Cold Rain And Snow

Lyrics: Traditional
Music: Traditional

One of the songs played from the earliest days of the Grateful Dead. Jerry Garcia mixed up the order of the verses, but this is the basic structure:

Well she's coming down the stairs, combing back her yellow hair (note 1)
And I ain't gonna be treated this-a-way
This-a-way
And I ain't gonna be treated this-a-way

Well she went up to her room and she sang a fateful tune (note 2)
And I'm going where those chilly winds don't blow
Winds don't blow
And I'm going where those chilly winds don't blow

Well I married me a wife, she's been trouble all my life (note 3)
Run me out in the cold rain and snow
Rain and snow
Run me out in the cold rain and snow
Notes
(1) Phil Lesh sometimes sings "... auburn hair" with Phil & Friends
(2) in some versions, it sounds as if Jerry sings "...sang a faithful tune." But he clearly sings "fateful" in the early studio versions, and that is closer to the traditional versions of this song. Indeed, in some early versions (eg 16 July 1966), Jerry sang "... where she met her fatal doom"
(3) Phil sings "I married me a wife, I love her more than life" with Phil & Friends

Grateful Dead Recordings
     Date Album
     studio Jun 1966 Birth Of The Dead (note a)
     studio Jun 1966 Birth Of The Dead (instrumental) (note a)
     studio 1967 Grateful Dead (first album)
     12 Dec 1969 Dave's Picks Volume 10
     18 Jan 1970 Download Series Vol 2
      2 Feb 1970 Dave's Picks Volume 6
     28 Dec 1970 30 Days Of The Dead (2010)
     29 Apr 1971 Ladies And Gentlemen ... The Grateful Dead
     22 Oct 1971 Dave's Picks Volume 3
     26 Oct 1971 Download Series Vol 3
     17 Apr 1972 Europe '72 - The Complete Recordings
     24 May 1972 Steppin' Out with the Grateful Dead: England '72 (note b)
     28 Feb 1973 Dick's Picks Vol 28
      2 Dec 1973 Dick's Picks Vol 14
     20 Oct 1974 Steal Your Face
      9 Jun 1976 Road Trips Volume 4, Number 5
     28 Sep 1976 Dick's Picks Vol 20
      3 Feb 1978 Dick's Picks Vol 18
     11 May 1978 Dick's Picks Vol 25
     26 Dec 1979 Dick's Picks Vol 5
      6 Apr 1982 Road Trips Volume 4, Number 4
      1 Nov 1985 Dick's Picks Vol 21
     31 Dec 1987 Ticket To New Year's (video/DVD only)
      4 Jul 1989 Truckin' Up To Buffalo (DVD & CD soundtrack)
     14 Mar 1990 Spring 1990 (The Other One)
     28 Mar 1990 Spring 1990 (The Other One)
     16 Sep 1990 Dick's Picks Vol 9
     14 Jun 1991 View From The Vault II (video/DVD & CD soundtrack)
 
Other Recordings
     Date Album Recorded By
      1989 Fresh Tracks In Real Time Tom Constanten
      1992 Nightfall Of Diamonds Tom Constanten
      1995 Eternity Blue Henry Kaiser (note c)
      2000 Grateful Dreams Tom Constanten
      2002 88 Keys To Tomorrow Tom Constanten
     16 Jun 2004 Mick's Picks, Volume 3 Jefferson Starship (with Tom Constanten)
      2006 Moved To Stanleyville Tom Constanten and Ken Foust

Notes
(a) originally released as part of the Rhino box set The Golden Road (1965-1973)
(b) also on the box set Europe '72 - The Complete Recordings
(c) originally from the album "Hope You Like Our New Direction"


Roots
Jerry Garcia seems to have learnt this from Obray Ramsey's 1960s album "Folksongs From The Three Laurels." In a 1967 interview with Larry Miller, he said: "the song is a traditional song...it's a [framework] ballad taken from Obray Ramsey, and earlier from Rufus Crisp I think." Ramsey's lyrics were:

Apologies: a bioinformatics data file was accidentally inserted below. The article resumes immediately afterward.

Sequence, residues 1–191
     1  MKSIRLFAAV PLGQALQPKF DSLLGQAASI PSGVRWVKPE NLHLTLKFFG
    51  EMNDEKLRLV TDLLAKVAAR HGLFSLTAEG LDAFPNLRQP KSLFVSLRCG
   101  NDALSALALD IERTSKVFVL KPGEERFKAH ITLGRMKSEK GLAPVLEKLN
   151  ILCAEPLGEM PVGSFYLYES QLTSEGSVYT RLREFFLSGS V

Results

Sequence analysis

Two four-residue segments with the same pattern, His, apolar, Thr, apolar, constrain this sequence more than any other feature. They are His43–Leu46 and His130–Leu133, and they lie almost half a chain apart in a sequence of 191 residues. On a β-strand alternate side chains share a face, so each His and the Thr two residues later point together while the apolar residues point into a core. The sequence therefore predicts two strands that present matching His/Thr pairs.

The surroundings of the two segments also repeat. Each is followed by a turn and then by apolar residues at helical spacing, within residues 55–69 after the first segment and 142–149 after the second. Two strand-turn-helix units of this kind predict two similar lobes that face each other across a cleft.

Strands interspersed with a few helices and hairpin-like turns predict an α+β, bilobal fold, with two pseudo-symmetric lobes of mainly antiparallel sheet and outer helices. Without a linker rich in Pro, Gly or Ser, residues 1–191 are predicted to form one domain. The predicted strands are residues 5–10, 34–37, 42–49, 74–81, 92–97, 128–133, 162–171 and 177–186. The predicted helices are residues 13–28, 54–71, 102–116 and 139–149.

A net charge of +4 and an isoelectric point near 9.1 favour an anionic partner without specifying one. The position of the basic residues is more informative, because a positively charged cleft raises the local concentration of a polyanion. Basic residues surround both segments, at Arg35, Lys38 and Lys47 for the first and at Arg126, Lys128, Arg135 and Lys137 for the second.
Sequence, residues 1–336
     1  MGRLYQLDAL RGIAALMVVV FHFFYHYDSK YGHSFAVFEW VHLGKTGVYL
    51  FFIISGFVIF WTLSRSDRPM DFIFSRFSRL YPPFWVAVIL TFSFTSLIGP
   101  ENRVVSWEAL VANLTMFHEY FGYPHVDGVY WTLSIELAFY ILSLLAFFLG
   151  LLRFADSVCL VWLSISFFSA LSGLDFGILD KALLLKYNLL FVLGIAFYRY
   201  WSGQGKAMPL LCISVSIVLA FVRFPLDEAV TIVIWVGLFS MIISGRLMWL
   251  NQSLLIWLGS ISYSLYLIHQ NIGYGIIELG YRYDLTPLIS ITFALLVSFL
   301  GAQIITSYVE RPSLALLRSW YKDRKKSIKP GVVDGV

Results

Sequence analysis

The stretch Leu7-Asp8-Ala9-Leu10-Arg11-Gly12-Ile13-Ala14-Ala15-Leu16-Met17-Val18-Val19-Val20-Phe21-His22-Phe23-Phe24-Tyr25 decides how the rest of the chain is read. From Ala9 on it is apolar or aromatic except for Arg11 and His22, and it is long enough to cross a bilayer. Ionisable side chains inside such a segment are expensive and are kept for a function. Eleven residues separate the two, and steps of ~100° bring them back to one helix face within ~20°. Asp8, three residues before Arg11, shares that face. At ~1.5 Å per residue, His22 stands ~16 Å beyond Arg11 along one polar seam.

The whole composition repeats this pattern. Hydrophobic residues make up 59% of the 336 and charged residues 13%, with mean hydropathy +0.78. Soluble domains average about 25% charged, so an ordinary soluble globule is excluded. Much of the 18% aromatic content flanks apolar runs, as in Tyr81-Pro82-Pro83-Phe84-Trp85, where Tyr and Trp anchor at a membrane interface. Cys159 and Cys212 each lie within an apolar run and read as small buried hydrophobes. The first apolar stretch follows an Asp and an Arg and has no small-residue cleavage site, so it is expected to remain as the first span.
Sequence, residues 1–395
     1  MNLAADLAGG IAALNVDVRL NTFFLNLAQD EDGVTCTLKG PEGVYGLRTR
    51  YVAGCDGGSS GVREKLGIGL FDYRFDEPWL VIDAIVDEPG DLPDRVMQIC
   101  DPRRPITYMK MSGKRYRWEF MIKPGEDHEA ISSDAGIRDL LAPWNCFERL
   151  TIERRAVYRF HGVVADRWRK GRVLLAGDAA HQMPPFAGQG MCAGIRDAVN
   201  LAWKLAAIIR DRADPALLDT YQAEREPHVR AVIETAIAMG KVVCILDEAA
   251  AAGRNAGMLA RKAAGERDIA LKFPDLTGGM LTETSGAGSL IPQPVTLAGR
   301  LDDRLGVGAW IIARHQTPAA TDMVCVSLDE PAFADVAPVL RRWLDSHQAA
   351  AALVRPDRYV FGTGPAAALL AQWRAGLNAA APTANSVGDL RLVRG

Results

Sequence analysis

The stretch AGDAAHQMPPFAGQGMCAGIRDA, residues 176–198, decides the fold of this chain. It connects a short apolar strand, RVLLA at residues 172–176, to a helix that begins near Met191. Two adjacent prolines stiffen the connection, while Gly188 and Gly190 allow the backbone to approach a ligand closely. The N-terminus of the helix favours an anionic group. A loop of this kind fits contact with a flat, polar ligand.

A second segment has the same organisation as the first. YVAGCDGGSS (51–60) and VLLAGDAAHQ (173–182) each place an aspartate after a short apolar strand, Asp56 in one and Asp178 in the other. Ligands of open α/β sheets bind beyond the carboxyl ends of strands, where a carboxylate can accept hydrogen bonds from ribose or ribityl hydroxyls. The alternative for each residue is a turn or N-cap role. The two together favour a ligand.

Well I married me a wife, she gave me trouble all of my life
Ran me out in the cold rain and snow
Rain and snow, oh Lord
Ran me out in the cold rain and snow

Well she came down the stairs, combing back her long yellow hair
And her cheeks were as red as the rose
As the rose
And her cheeks were as red as the rose

Well I did all I could do, trying to get along with you
And I'm not gonna treated this a-way
This a-way, oh Lord
And I'm not gonna treated this a-way

Well she came in the room, where she met her fatal doom
And I'm not gonna treated this a-way
This a-way, oh Lord
And I'm not gonna treated this way
Ramsey's LP notes credit Cecil Sharp, who collected the first verse only from Mrs. Tom Rice at Big Laurel, NC August 18, 1916.

Patrick Blackman has done a lot of research on the origins of the song, and includes a quote from liner notes written by John Cohen for the Smithsonian Folkways album "Dark Holler: Old Love Songs and Ballads", which includes a Dillard Chandler recording of "Cold Rain and Snow":
"Berzilla Wallin, who also sings the song, explains: 'Well, I learned it from an old lady which says she was at the hanging of - which was supposed to be the hanging, but they didn't hang him. They give him 99 long years for the killing of his wife... I heard the song from her in 1911. She was in her 50's at that time. It did happen in her girlhood ... when she was a young girl... She lived right here around in Madison County. It happened here between Marshall and Burnsville; that's where they did their hanging at that time - at Burnsville, North Carolina. That's all I know, except they didn't hang the man.'

"The initial verses of this song resemble Grayson and Whitter's 'Never As Fast As I Have Been', Buell Kazee's 'Sporting Bachelors' and the song in Alan Lomax's Folk Song USA titled 'Sporting Bachelors'"
Blackman concludes that the song was a ballad written about a murder that actually happened in Madison County, probably in the 12870's, albeit incorporating some references to other traditional songs.